925-283-2500 derek@wagleylaw.com

Estate Planning

Wills, Trusts and other testamentary documents are not just for the wealthy. Regardless of how much or how little money you have, these documents assure that whatever personal belongings or assets you have will go to the beneficiaries of your choice.  Without these documents, the court makes the decisions and the laws of the court will be applied irrespective of your actual testmentary desires.   While most people do not want to think about their own mortality, making preparations ahead of time to protect one’s family and friends is of great importance and allows most to feel piece of mind, knowing their testamentary wishes will be carried out and their family and friends will be protected in their absence.

What happens if you die without a will or with only a Will?

Generally speaking, all real and personal property in which you have an interest will be subject to probate laws of the state of California, which can be very expensive and quite time consuming to your estate before it is distributed to your beneficiaries or heirs at law.

If you die without a Will, all of your property passes through probate and is distributed to your heirs pursuant to the laws of intestate succession.  What that means is that in an expensive and time consuming probate procedure, certain heirs will inherit your property no matter what your personal feelings might be towards said individual.  Without a Will,  you will not be able to choose who that beneficiary will be.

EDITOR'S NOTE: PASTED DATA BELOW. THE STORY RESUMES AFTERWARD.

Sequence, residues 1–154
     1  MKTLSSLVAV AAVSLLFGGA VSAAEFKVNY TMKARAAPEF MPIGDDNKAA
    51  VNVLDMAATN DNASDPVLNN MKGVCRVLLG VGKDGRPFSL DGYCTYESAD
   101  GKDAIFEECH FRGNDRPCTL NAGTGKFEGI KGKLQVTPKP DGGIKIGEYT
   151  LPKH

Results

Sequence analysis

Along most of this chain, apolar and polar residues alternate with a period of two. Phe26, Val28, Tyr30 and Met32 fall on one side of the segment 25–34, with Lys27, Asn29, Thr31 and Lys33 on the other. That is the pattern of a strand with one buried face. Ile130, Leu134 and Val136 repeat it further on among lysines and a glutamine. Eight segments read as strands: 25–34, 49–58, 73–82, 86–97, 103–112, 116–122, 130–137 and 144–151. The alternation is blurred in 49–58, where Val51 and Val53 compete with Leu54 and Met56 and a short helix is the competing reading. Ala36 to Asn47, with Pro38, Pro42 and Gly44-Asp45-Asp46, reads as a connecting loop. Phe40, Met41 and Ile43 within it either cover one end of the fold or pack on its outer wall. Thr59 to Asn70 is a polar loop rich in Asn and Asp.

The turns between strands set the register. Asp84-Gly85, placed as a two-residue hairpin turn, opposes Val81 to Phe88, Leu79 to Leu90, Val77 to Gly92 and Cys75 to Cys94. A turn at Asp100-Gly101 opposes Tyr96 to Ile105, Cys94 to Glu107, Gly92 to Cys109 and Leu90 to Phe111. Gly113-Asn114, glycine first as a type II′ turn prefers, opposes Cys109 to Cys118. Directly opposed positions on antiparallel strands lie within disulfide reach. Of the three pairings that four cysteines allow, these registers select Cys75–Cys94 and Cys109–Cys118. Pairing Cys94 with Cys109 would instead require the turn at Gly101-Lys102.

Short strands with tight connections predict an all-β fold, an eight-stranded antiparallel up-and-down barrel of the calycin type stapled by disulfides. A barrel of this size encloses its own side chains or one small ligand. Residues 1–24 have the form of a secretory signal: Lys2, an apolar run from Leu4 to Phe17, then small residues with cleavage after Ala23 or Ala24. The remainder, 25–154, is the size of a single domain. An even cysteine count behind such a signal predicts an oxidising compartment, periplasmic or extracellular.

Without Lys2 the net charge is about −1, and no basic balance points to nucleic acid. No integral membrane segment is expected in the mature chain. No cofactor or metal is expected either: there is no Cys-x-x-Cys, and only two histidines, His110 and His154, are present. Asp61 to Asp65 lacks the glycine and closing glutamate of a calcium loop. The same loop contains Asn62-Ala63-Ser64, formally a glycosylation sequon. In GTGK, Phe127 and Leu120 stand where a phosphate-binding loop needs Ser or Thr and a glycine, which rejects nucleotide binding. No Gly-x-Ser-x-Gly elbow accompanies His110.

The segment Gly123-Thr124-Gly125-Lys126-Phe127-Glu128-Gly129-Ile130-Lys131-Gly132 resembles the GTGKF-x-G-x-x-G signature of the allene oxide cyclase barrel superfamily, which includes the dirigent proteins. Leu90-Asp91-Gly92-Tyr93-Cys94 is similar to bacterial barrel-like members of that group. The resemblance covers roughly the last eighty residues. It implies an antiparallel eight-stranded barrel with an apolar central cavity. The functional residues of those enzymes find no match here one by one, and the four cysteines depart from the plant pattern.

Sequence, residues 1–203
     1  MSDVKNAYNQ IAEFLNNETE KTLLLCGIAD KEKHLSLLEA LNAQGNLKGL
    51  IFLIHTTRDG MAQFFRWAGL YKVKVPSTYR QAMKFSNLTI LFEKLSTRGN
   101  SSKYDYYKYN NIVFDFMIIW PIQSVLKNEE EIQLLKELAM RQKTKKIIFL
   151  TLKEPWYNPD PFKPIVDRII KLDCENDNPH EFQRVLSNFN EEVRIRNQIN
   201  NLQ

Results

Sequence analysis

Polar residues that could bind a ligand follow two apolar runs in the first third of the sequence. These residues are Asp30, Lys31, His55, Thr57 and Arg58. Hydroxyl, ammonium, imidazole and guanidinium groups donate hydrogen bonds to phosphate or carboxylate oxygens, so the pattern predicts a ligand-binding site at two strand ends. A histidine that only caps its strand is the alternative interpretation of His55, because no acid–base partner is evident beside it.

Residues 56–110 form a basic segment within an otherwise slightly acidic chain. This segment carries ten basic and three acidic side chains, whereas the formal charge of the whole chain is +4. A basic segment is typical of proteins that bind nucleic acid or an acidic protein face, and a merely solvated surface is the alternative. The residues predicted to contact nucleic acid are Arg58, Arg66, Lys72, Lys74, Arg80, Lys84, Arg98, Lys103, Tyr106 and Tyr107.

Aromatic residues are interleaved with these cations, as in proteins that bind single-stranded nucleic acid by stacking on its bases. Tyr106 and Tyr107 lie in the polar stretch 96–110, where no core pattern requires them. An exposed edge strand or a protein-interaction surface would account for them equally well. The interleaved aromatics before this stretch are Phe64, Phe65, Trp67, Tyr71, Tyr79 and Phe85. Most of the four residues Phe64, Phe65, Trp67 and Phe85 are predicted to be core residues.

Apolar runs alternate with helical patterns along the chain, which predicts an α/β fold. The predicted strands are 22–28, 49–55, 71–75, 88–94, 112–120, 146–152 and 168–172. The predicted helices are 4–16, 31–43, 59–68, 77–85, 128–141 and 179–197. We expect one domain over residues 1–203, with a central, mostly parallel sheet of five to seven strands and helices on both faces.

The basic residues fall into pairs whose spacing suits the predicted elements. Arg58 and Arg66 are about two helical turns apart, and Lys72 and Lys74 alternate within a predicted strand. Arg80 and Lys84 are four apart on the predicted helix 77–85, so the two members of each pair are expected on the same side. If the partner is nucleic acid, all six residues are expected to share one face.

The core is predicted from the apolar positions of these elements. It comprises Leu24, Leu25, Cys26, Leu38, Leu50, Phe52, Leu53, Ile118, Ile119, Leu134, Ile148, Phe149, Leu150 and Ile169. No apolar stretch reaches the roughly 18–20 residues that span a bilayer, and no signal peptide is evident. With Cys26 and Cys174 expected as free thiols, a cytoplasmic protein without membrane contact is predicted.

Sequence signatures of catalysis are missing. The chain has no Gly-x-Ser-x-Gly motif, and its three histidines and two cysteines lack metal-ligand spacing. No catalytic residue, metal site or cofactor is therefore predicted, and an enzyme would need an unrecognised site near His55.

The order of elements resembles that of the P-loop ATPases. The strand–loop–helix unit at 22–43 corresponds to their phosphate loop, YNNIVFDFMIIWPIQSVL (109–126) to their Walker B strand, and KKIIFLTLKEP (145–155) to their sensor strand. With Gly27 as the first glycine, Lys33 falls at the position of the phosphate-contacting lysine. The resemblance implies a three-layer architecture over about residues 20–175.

If you die with a basic Will, all of your property will need to be probated.  Is a will better than not having a will at all?  The answer is “yes”, but it is not the best solution for most people. The advantage to having a Will, even though it requires going though probate, is the following:

  1. You can choose who is to receive your property after probate is concluded.  Thus, you can give your property to certain family members to the exclusion of other family members.  You can include friends or charities to be your beneficiaries.  This would never happen if you died without a will.
  2. If you have a child or children, you can choose who would be your choice, your family member or close friend, to raise your children if you and your spouse or former spouse do not survive.  In the view of many, this is one of the more important provisions of any Will.
  3. In a Will, you can choose who would handle the duties of an executor of your estate.  Without a Will or a provision in your Will on this issue, the court could appoint some member of your family that you may not have ever chosen.
  4. There are a number of other reasons which are also important for having a Will compared to no Will at all that would be discussed at our initial consultation.

Can an estate Avoid Probate?

The answer is yes.  Most individuals, whether married or single, in my opinion, should have a revocable intervivos trust with a pour over Will.   All assets which are part of this type of trust will avoid probate and pass directly to your named beneficiaries.  These trusts  are revocable and subject to modification while the trustor (one creating the trust) is living.  The revocable intervivos trust can having provisions for a simple, moderate, or more complicated estate depending on the facts.  If the size of estate is large enough it can also save on “estate taxes”.  The cost of creating said trust depends on the complexity and size of the estate at issue.  After an initial interview, you will receive an estimate of costs to create said estate plan.  In almost all cases, the creation of a revocable living trust will save you thousands of dollars plus many more advantages by avoiding probate costs.

Is a living trust still advisable if the value of my estate (net value) is on the low side?